Vadodara, previously known as Baroda, is a mystical city brimming with heritage and culture. Once under the rule of dynasties, Vadodara has transformed into an industrial metropolis thumping with the rhythm of modern-day life. Expansive land, forts, and palaces have been replaced with tall modern buildings. With the Vishwamitri river gushing through the city, Vadodara is the ideal blend of modernity and tradition.
Amidst this rapidly changing city, there exist, certain citizens, that remain a permanent part of the cosmopolitan of Vadodara – Mugger Crocodiles. Just like lions are the pride of Gujarat, these crocodiles are considered to be the pride of Vadodara. The Vishwamitri river that flows through Vadodara is home to over 250 crocodiles – the highest number of crocodiles in the state of Gujarat! These Mugger crocodiles have become an intrinsic characteristic of Vadodara, defining life in the city. Yet, the “Pride of Vadodara” has been struggling due to the perils of rapid urbanization and habitat encroachment.
With the river beds of the Vishwamitri river shrinking, mugger crocodiles are forced to move closer to human settlements leading to conflict. Human-crocodile conflict specifically peaks during the monsoon season, with rains flooding the river and forcing these crocodiles to venture out of their natural habitats in search of food and shelter. Traversing the man-made concrete jungle, crocodiles often end up in people’s homes, schools, and buildings!
Wildlife SOS in collaboration with the Gujarat Society for Prevention to Cruelty to Animals (GSPCA) has long been working to mitigate human-crocodile conflict and rescue distressed crocodiles in the area. In the monsoon of 2019, 80 mugger crocodiles were rescued in Vadodara by the Wildlife SOS-GSPCA Rapid Response Unit!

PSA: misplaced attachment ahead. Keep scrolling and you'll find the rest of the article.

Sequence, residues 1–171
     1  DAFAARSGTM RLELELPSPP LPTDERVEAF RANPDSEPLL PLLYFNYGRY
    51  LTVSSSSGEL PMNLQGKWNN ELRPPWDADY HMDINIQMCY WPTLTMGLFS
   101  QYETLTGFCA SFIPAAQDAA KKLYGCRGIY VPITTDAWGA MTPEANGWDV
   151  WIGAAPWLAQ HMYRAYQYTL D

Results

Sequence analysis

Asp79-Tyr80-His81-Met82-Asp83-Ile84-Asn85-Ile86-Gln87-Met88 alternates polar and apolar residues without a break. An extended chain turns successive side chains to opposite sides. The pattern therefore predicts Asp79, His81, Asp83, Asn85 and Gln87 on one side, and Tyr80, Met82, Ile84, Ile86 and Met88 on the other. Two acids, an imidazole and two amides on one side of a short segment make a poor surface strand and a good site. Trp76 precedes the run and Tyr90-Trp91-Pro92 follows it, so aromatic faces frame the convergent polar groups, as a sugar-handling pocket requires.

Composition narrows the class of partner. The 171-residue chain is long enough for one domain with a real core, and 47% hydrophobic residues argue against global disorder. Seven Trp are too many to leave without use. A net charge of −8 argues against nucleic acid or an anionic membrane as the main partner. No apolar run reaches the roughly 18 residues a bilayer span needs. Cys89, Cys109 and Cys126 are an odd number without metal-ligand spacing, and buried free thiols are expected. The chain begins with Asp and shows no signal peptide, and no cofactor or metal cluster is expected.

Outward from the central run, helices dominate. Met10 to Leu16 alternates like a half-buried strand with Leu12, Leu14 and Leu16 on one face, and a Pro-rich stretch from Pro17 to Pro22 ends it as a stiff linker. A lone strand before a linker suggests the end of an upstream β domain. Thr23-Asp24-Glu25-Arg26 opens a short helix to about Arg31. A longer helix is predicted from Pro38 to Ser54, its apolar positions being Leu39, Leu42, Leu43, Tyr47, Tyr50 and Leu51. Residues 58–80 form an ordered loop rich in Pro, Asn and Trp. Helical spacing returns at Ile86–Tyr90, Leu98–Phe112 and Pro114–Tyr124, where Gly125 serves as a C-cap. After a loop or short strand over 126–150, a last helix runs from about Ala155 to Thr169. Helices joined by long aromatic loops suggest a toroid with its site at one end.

During the Covid- 19 lockdown in 2021, the crocodiles roamed about freely causing no disruption to the lives of humans who remained confined within the four walls of their home. Yet, as life in India resumes, human-crocodile conflict is once again on the rise.
Recently, the Wildlife SOS-GSPCA team was called in for an unusual rescue operation of a 3-foot-long mugger crocodile at a cemetery! Staff members of Khaswadi Cemetry in the Kareilibaug area were shocked to see a crocodile perched outside their main office. They immediately contacted the Wildlife SOS-GSPCA helpline (+91-9825011117) running round the clock to rescue animals in distress. The crocodile was meticulously extricated from the location and released back into its natural habitat.
In another eventful rescue, a crocodile was found in the outskirts of Vadodara sauntering along the backyard of a residence. On arriving, Wildlife SOS- GSPCA volunteers were taken aback to find a juvenile crocodile with a freshwater snake in its mouth! Both the crocodile and the snake were rescued safely and released back into their natural habitat.
With increasing cases of human-crocodile conflict, an intricate network of informants and volunteers has formed organically. Over 200 volunteers from throughout the city – concerned citizens, NGO workers, etc – dedicate their time and efforts into rescuing these crocodiles. Whenever anyone sees a crocodile in Vadodara, whether it may be city folks those living in more rural areas, people know to call the forest department or Wildlife SOS or the various crocodile rescue volunteers!
In a recent rescue, a 5-foot long crocodile was found in an artificial pond at a construction site near Kalali Talsat Road. The Wildlife SOS Rapid Response Unit arrived with over ten volunteers to conduct the rescue! The crocodile was submerged in waist-high water that had to be pumped out to safely carry out the rescue operation. Once the water reached a safe level, it took ten volunteers to enter the pond with a big safety net and extricated the crocodile from the location.
It is not uncommon to find crocodiles in artificial water bodies. During the Ganesh Chaturthi festival, devotees often construct artificial ponds to submerge idols of Lord Ganesha as a part of the ritual. Some worshippers have been surprised by crocodiles floating in the water meant for Lord Ganesha. These rescues occur in tandem with the fire department that happily provides Wildlife SOS and the Forest Department with the necessary equipment to conduct rescue operations.
The tales of eventful crocodile rescues in Vadodara are endless! Yet, what needs to be emphasized is the dire need to co-exist with crocodiles that keep the ecosystem of Vadodara healthy. To find out more about how you can help preserve Vadodara’s crocodile click HERE.